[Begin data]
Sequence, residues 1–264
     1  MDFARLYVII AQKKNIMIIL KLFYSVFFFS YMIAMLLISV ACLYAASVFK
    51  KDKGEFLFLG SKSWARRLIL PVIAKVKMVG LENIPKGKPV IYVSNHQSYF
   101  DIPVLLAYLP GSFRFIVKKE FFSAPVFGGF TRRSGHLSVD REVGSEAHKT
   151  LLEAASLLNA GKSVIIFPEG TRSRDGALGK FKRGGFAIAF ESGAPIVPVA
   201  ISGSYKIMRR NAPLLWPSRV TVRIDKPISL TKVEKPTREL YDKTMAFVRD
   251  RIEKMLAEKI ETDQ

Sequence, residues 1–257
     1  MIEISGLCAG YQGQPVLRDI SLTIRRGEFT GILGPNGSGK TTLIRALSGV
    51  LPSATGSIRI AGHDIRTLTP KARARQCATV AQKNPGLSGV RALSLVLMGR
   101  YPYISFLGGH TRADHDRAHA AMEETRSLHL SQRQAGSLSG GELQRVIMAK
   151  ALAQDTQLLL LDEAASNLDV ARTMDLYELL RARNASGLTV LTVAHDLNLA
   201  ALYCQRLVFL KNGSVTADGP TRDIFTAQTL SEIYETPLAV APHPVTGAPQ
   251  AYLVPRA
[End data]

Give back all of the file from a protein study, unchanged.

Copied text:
Sequence, residues 1–264
     1  MDFARLYVII AQKKNIMIIL KLFYSVFFFS YMIAMLLISV ACLYAASVFK
    51  KDKGEFLFLG SKSWARRLIL PVIAKVKMVG LENIPKGKPV IYVSNHQSYF
   101  DIPVLLAYLP GSFRFIVKKE FFSAPVFGGF TRRSGHLSVD REVGSEAHKT
   151  LLEAASLLNA GKSVIIFPEG TRSRDGALGK FKRGGFAIAF ESGAPIVPVA
   201  ISGSYKIMRR NAPLLWPSRV TVRIDKPISL TKVEKPTREL YDKTMAFVRD
   251  RIEKMLAEKI ETDQ

Sequence, residues 1–257
     1  MIEISGLCAG YQGQPVLRDI SLTIRRGEFT GILGPNGSGK TTLIRALSGV
    51  LPSATGSIRI AGHDIRTLTP KARARQCATV AQKNPGLSGV RALSLVLMGR
   101  YPYISFLGGH TRADHDRAHA AMEETRSLHL SQRQAGSLSG GELQRVIMAK
   151  ALAQDTQLLL LDEAASNLDV ARTMDLYELL RARNASGLTV LTVAHDLNLA
   201  ALYCQRLVFL KNGSVTADGP TRDIFTAQTL SEIYETPLAV APHPVTGAPQ
   251  AYLVPRA